Matthews; Sixtieth, Col. W. B. Jones; Sixty-first, Col. J. H. Lamar. The artillery commands from Georgia at Chancellorsville were: Sumter battalion, Lieut.-Col. A. S. Cutts, (A) Ross' battery, (B) Patterson's battery, (C) Wingfield's battery; Fraser's battery (Pulaski artillery) and Carlton's battery (Troup artillery), of Col. H. C. Cabell's battalion; and Milledge's battery of Col. William Nelson's battalion. Wingfield's and Milledge's batteries were in reserve and not actively engaged. Tf the Sumter battalion) rendered service in annoying the enemy during a charge of Hoke's brigade, and how the guns of Captain Patterson, (Company B of the same battalion) were fought until ammunition failed. Again General Pendleton says: Captain Fraser (Pulaski artillery), whom I saw under fire, enlisted warm approbation by his cool self-possession and ready power for emergency. Captain Carlton (Troup artillery) is also entitled to honorable mention for the persistent gallantry and efficie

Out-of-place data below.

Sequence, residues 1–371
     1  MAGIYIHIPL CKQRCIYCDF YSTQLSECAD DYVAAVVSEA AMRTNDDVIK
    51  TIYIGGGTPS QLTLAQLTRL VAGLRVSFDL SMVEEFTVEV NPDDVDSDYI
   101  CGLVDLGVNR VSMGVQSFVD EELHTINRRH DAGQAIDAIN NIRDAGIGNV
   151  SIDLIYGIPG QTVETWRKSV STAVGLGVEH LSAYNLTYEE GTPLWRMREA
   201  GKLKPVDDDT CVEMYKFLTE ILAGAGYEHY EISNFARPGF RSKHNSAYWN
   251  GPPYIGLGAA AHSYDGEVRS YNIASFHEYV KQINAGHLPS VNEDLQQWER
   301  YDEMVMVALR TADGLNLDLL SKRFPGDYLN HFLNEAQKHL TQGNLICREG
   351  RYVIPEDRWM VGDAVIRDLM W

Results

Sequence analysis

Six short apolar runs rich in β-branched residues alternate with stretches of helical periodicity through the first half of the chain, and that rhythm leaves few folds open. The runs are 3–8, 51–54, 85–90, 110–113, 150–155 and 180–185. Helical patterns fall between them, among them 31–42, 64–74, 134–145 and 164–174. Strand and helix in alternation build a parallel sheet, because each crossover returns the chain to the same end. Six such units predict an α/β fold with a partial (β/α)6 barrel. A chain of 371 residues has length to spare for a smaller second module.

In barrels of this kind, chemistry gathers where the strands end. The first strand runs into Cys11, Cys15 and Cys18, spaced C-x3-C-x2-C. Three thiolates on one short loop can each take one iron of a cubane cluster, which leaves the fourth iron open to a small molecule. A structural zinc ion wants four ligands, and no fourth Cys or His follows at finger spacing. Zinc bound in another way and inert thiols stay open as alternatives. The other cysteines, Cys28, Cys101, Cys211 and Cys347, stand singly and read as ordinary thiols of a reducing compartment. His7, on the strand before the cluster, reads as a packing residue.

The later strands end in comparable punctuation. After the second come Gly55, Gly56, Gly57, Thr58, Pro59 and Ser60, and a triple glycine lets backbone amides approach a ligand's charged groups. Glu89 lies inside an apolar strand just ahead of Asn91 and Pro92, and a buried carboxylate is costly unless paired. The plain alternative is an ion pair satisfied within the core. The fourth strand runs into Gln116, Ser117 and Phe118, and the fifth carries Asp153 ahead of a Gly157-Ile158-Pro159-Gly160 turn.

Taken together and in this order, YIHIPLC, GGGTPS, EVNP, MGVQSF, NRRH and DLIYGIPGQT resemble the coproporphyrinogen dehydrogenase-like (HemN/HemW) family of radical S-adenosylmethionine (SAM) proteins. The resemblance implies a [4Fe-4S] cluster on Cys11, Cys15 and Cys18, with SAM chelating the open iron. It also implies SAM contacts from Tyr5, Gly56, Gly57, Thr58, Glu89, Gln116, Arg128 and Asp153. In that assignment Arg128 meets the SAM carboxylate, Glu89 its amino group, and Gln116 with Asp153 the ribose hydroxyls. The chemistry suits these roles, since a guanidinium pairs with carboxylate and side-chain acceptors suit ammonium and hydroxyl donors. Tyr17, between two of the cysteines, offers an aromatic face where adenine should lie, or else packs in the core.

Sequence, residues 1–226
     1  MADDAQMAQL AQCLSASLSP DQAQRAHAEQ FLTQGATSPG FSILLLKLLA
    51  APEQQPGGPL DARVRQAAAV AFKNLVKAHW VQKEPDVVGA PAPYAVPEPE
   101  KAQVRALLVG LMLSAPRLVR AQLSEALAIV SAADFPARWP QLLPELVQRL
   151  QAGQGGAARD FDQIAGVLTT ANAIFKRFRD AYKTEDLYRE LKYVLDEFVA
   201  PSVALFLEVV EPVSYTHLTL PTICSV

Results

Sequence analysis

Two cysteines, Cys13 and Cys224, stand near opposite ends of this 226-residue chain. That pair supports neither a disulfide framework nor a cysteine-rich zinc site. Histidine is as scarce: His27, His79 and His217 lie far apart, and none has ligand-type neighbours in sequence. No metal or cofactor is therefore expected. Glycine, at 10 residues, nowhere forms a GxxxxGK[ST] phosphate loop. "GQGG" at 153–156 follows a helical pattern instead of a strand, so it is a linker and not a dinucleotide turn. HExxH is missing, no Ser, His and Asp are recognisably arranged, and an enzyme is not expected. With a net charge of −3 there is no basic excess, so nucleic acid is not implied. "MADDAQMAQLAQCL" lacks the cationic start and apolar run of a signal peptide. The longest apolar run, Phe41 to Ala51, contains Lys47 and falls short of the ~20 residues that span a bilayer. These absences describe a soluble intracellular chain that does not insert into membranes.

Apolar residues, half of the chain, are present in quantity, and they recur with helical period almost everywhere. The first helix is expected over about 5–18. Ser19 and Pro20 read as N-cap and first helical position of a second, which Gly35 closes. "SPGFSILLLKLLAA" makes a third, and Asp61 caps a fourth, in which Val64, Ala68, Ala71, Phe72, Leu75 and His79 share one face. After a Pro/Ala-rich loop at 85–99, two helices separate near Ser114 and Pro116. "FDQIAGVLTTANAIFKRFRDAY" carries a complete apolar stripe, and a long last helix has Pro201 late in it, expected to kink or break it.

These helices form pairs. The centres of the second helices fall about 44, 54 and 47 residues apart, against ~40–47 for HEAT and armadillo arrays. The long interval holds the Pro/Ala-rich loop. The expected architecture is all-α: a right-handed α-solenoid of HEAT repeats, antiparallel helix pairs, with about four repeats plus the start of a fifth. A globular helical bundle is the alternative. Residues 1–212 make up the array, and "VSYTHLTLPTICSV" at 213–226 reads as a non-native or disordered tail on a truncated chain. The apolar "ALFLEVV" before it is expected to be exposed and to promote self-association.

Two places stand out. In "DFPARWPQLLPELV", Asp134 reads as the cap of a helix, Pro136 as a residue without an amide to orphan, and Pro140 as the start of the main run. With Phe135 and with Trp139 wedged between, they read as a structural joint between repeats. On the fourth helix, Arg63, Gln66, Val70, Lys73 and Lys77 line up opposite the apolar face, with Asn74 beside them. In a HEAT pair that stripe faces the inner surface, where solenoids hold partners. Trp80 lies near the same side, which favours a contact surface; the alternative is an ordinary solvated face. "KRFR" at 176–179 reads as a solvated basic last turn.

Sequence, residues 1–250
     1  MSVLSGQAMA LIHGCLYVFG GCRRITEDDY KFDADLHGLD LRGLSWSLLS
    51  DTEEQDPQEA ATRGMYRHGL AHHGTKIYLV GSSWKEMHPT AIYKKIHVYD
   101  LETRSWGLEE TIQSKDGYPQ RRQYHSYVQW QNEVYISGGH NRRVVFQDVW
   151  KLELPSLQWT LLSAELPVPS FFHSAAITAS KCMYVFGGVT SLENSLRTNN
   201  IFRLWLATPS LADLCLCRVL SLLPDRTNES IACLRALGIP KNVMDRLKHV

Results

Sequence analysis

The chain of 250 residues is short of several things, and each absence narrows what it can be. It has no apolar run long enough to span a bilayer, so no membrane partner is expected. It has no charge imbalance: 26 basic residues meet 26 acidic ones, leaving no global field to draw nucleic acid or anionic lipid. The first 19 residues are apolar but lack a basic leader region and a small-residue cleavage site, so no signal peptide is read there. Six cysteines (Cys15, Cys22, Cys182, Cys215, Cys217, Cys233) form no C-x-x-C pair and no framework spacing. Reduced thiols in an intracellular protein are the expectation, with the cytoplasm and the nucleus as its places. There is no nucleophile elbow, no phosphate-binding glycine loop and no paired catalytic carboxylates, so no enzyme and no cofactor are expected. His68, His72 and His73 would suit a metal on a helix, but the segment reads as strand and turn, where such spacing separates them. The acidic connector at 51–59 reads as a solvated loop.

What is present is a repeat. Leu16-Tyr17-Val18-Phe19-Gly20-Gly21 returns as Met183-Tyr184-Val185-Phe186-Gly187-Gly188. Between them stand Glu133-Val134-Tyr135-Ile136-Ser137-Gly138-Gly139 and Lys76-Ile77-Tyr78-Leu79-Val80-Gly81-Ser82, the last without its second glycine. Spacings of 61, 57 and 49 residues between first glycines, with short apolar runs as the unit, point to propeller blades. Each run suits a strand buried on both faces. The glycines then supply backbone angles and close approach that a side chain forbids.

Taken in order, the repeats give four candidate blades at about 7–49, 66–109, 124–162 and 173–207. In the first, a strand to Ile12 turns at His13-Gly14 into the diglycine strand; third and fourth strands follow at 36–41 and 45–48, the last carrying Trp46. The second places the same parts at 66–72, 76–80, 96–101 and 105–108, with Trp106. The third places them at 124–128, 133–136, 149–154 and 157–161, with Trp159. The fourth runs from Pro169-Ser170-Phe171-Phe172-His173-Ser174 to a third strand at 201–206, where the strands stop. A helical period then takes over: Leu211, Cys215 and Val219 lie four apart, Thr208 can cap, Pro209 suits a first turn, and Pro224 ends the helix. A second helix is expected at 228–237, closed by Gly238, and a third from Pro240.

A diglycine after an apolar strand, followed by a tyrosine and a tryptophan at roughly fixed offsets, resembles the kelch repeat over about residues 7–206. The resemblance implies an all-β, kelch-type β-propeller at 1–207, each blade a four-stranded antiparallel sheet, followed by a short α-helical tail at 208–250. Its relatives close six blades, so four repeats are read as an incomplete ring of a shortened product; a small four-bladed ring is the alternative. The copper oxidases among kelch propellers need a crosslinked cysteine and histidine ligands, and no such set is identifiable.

Joseph T. Derry , A. M. , Author of School History of the United States; Story of the Confederate War, etc., Confederate Military History, a library of Confederate States Military History: Volume 6, Georgia (ed. Clement Anselm Evans), Chapter 11: (search)
o McLaws' division were two Georgia batteries, the Troup artillery, Capt. H. H. Carlton, and the Pulaski artillery, Capt. J. C. Fraser; also McCarthy's Virginia battery and Manly's North Carolina battery. This battalion, which opened the fight of Mcme a concentrated fire from the enemy's batteries --the loss of my battalion was very heavy during this cannonading. Captain Fraser (Pulaski artillery), who had always in previous engagements, as in this, set an example of the highest courage, coolnas wounded during the same engagement. The batteries in the peach orchard were driven off. The next day, finding that Capt. Fraser's command was so much crippled by the loss of men, I placed two of his guns (3-inch rifles), in charge of Capt. B. C. Manly, and two Parrott guns of Captain Fraser's battery, under command of Lieut. W. J. Furlong, were ordered to take position on the new and advanced line of battle. Capt. H. H. Carlton's battery (Troup artillery) and a section of Captain McCarthy's